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Did George Bush squander the discretion to intervene?

One story today in the Washington Post by Scott Wilson, observes how President Obama’s past words collide and conflict with his actions. The case in point is Syria.

Bush spend Obama's discretion

The situation in Syria has begged for American foreign policy attention since the beginning of the crisis. The trouble is that America at the direction of the Obama administration and with the will of the people is winding down wars and intervention in the Middle East. Syria was an inconvenient and untimely problem.

You see, America is still broke financially and broken with dysfunction as a government. Those factors deplete discretionary resources needed to address problems like the people’s revolt in Syria.

The Chinese and Russians know this. Since China is our banker and significant trading partner, they can pull our chain. Russians resent Americans intervening on their turf and meddling in their arms sales, such as to Syria.

Seeing Americans feuding and fussing about the budget, and Congress in conflict with President Obama telegraphs to our enemies and detractors that America is weak and vulnerable. Nations like North Korea exploit the opportunity and assert themselves. The same is true for Iran and Syria. Even in Afghanistan, where America is standing down, lame duck Kasai confronts American foreign policy head on for personal gain.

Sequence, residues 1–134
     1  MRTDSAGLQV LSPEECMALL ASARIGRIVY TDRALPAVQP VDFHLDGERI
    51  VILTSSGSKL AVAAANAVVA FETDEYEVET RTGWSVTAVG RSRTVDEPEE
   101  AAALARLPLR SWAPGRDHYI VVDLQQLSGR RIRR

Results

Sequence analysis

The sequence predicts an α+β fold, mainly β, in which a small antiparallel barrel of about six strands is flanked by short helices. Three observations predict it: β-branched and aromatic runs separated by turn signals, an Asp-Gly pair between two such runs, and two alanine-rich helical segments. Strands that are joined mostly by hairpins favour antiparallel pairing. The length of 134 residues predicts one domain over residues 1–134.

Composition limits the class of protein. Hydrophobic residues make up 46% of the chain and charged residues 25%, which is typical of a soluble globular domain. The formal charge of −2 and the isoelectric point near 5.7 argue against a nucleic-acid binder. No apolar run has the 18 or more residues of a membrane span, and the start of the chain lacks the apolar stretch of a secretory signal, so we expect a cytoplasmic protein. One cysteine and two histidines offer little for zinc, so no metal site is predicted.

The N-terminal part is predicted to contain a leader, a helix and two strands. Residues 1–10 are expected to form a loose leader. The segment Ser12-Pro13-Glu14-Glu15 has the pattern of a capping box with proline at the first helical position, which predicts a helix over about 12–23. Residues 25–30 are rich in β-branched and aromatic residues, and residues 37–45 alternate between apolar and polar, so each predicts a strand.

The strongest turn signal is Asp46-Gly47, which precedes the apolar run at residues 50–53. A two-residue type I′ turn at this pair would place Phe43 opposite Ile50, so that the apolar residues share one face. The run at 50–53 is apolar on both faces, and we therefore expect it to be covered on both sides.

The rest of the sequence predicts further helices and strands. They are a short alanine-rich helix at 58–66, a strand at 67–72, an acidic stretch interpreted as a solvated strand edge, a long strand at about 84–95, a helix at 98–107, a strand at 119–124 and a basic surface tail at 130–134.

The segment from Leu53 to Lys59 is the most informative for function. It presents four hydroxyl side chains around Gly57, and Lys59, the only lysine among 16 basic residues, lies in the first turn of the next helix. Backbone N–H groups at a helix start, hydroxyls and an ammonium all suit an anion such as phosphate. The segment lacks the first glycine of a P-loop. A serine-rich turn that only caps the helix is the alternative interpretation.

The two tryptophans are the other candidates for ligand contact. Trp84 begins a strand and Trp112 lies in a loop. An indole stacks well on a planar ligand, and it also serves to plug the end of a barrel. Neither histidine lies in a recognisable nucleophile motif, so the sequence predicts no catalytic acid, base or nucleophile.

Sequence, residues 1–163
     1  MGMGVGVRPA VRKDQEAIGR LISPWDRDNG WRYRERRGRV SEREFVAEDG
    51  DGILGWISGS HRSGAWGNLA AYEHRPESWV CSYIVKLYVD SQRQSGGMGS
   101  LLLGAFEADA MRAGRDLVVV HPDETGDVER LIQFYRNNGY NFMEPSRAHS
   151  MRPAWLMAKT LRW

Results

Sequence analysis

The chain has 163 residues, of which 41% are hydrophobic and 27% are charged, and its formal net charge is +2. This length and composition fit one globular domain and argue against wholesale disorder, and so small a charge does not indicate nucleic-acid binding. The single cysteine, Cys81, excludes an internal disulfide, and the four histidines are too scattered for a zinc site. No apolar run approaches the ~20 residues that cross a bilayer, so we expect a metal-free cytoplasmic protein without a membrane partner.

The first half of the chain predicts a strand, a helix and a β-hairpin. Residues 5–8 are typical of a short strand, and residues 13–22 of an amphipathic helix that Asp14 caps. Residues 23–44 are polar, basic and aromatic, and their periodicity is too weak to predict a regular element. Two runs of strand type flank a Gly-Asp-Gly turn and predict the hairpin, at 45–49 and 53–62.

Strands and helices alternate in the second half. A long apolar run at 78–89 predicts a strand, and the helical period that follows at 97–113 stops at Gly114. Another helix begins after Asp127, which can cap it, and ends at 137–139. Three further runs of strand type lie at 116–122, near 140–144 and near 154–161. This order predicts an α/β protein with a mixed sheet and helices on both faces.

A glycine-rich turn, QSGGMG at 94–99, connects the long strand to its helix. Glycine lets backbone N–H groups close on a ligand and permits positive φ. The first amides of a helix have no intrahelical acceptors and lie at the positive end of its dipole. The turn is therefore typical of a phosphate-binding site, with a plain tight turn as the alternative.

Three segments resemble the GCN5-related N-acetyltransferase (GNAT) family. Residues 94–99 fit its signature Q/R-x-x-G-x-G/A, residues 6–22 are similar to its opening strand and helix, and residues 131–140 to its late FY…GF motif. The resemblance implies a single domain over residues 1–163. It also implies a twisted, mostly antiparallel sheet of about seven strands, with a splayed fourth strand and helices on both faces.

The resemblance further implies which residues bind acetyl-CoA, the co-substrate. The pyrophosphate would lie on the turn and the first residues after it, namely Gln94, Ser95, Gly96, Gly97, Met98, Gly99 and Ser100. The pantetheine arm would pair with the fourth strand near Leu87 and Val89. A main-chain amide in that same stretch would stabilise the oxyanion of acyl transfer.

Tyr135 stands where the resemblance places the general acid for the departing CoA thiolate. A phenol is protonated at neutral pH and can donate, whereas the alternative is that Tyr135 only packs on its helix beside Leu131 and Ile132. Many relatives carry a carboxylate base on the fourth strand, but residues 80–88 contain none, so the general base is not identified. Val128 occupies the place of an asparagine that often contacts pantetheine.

While people criticize Obama for untimely, and inadequate response to Syria, the reason and root cause is that we wasted our resources on Iraq and Afghanistan that we needed to conserve for instances that yield a higher return on cost.

“Just how different is the United States under Obama? The question holds fresh urgency as the peace process stagnates and the Syrian government employs new methods of barbarity. Recent administration warnings that the distant war poses a direct threat to the United States have elevated Syria, and Obama’s stated principles for intervention, to the top of a crowded national security agenda.

On Wednesday, Obama warned Ukraine’s government, also the target of broad popular protests, not to “step over the line” in its move against demonstrators, threatening international reprisals if it does. The punishment would most likely be sanctions, but the threat again puts on the line the president’s credibility to carry through with pledges to protect anti-government protesters.

Obama has no election ahead, as he did when he intervened in Libya, only a presidential legacy to consider. He is the president who is unwinding the United States’s post-9/11 conflicts. With the U.S. combat role in the Afghanistan war scheduled to conclude at the end of the year, the goal may be too close to start a new one.”

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